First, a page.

Tuesday, September 10, 2013

Rupiah benefitted from oil deal - Ekpene
By Mwala Kalaluka
Wed 14 Aug. 2013, 14:01 CAT

NIGERIA'S SARB Energy managing director Akpan Ekpene says he hopes Rupiah Banda's son, Henry, will also speak the truth over the government-to-government crude oil deal over which his father is facing abuse of office charges.

And Lusaka chief resident magistrate Joshua Banda yesterday warned the Daily Nation newspaper over its unprofessional and sensational coverage of Rupiah Banda's Nigerian oil contract-related court proceedings.

Meanwhile, magistrate Banda yesterday guided Banda's defence team to confine themselves to the specific charge of abuse of authority of office that is before him as they cross-examined prosecution witnesses.

This is a matter where Banda, 76, of plot number 2758, off Leopards Hill Road, Lusaka is facing abuse of authority of office charges in relation to the alleged illegal procurement of oil from Nigeria to the tune of US$2.5 million, whose proceeds allegedly went into an offshore account.

During continued cross-examination by one of Banda's lawyers, Prof Patrick Mvunga, yesterday morning, Ekpene said his first impression of Henry after his father beckoned him to join them in a meeting they had at State House in 2011, was that of an intelligent person.

This was after he was asked whether he knew Henry properly.

"I felt he was somebody of my generation," Ekpene said. "Somebody intelligent who went to good schools…He looked like somebody to have as a brother."
He said his testimony over the Nigerian oil deal and the State House meeting could be described as his word against Henry's.
"I will just state what happened and even His Excellency knows what happened and I will hope Henry will state what happened," Ekpene said.

"I will hope he will tell the truth like I am doing."

Ekpene said the crude oil was only lifted after Rupiah Banda left office.

During an earlier cross-examination by defence lawyer, Sakwiba Sikota, Ekpene said he did not know the Osigwe brothers and their purported links to the Nigerian government-to-government Zambian crude oil contract.

Ekpene said the meeting with Henry where they worked out how they were going to ensure the transfer of the campaign funds that Rupiah Banda had requested for took place at State House.

When asked in re-examination by Director of Public Prosecutions DPP Mutembo Nchito whether he gave Rupiah Banda monies he had requested for as a staunch supporter of the MMD, Ekpene said Banda had asked for an advance payment out of the proceedings from the Nigerian crude oil deal.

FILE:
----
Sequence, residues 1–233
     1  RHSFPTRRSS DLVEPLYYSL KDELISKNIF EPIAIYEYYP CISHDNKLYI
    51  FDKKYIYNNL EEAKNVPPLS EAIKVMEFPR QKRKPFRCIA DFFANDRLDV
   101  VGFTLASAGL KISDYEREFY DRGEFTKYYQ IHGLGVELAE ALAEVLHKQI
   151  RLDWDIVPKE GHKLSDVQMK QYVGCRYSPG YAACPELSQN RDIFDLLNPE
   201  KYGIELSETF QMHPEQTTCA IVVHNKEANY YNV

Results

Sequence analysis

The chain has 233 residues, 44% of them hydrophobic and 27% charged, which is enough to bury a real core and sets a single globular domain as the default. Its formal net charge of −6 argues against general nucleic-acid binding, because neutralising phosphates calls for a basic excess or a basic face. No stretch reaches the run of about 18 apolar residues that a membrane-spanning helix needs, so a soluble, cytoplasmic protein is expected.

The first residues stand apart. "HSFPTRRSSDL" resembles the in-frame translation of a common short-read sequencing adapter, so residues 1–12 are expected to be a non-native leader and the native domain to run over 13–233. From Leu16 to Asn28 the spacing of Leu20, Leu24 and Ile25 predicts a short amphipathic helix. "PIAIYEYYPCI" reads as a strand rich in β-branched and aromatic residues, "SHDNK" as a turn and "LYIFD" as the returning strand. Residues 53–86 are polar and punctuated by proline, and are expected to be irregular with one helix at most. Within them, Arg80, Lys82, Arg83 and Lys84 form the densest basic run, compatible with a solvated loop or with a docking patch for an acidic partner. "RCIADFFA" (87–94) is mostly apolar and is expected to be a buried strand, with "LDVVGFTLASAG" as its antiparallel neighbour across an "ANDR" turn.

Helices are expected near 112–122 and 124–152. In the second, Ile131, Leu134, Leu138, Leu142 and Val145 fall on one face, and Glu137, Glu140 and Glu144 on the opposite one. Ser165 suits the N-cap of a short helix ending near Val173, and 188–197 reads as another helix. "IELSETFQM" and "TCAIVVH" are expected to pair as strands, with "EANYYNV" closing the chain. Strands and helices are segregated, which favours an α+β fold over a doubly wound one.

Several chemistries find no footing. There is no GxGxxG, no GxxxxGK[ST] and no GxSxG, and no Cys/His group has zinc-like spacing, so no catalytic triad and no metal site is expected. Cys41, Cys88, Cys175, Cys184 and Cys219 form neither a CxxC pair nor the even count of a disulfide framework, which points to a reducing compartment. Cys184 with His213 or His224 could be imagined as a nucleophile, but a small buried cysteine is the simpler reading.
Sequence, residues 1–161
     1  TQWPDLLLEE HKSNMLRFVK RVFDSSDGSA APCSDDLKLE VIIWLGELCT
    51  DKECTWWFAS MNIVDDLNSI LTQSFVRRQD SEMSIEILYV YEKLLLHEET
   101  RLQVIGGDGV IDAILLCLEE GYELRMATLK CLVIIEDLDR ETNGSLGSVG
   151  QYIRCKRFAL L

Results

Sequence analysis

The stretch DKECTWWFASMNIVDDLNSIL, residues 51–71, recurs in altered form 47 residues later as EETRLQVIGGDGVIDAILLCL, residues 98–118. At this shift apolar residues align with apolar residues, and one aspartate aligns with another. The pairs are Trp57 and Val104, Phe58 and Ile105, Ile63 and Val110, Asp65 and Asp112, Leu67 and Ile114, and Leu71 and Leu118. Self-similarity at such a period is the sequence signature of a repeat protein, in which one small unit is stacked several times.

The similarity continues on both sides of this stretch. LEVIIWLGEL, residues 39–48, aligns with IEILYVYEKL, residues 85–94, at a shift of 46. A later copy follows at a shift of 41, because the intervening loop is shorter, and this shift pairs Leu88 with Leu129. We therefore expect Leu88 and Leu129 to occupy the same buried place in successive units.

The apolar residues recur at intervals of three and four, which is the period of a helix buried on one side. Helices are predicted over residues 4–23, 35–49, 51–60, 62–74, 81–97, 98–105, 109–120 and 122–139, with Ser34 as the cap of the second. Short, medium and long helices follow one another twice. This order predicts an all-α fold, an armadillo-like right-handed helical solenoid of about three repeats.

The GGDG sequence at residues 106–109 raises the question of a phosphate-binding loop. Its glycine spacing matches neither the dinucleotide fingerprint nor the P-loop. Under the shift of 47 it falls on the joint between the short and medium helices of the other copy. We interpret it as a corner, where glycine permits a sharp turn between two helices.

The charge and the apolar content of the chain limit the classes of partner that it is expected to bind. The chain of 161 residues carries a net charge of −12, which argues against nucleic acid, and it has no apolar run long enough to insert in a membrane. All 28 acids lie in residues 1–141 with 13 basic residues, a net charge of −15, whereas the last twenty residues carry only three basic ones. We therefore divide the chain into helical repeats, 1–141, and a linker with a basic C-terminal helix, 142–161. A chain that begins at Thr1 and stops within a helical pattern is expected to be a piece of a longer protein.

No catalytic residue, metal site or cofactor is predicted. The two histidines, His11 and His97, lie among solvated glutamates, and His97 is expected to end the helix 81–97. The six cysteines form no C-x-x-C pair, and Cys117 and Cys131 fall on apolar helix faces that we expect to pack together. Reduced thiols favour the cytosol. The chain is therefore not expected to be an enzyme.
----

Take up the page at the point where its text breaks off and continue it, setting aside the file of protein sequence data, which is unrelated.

"It was a down payment based on the anticipated proceedings," Ekpene said. "I had just explained to His Excellency what the proceeds would be after we started lifting the oil."

Ekpene said some benefit accrued to Banda from the oil transaction.

"His Excellency requested an advance payment. So he benefitted," he said.

On the US$260,000 that he gave Banda during the 2008 presidential election campaign, Ekpene said Maj Richard Kachingwe had insisted that he should support the then acting president as he would give them the oil contract to manage.

Further asked if he was testifying against Banda on the basis of malice or hate, Ekpene said he had nothing against Banda.

"I sincerely wish he had won the election," said Ekpene before he broke down, and the hearing briefly adjourned. "I was saying that I had no hatred against His Excellency. I sincerely wish he had won the election because if he had won the election, I would not be standing here and he would not be sitting there. I hold him in the highest esteem. He believed in me."

Ekpene said the US$2.5 million deposit was SARB Energy's money, which it paid on behalf of the Republic of Zambia.

Nchito, who disclosed that there were not more than four prosecution witnesses remaining, then concluded his re-examination and magistrate Banda told Ekpene that he could leave.

And earlier, Nchito raised concern over the manner in which the Daily Nation covered Monday's proceedings on the Nigerian oil deal court case, especially that they drew conclusions and further took a picture of a witness from inside the courtroom.

"This newspaper has a problem respecting the law and the sanctity of court proceedings. I will consider bringing formal charges and I apply that this paper be barred from covering court proceeding," said Nchito.

Magistrate Banda in his ruling agreed that the taking of a picture of a witness in court contravened section 117 of the Penal Code.

Magistrate Banda said even though it was clear that the Daily Nation had acted unprofessionally and irresponsibly, he would not bar the newspaper from the proceedings as that would be appear to be stifling the media.

"Journalists must be responsible enough not to draw conclusions as that is the duty of the court," said magistrate Banda. "I will warn, in particular the Daily Nation, to report responsibly."

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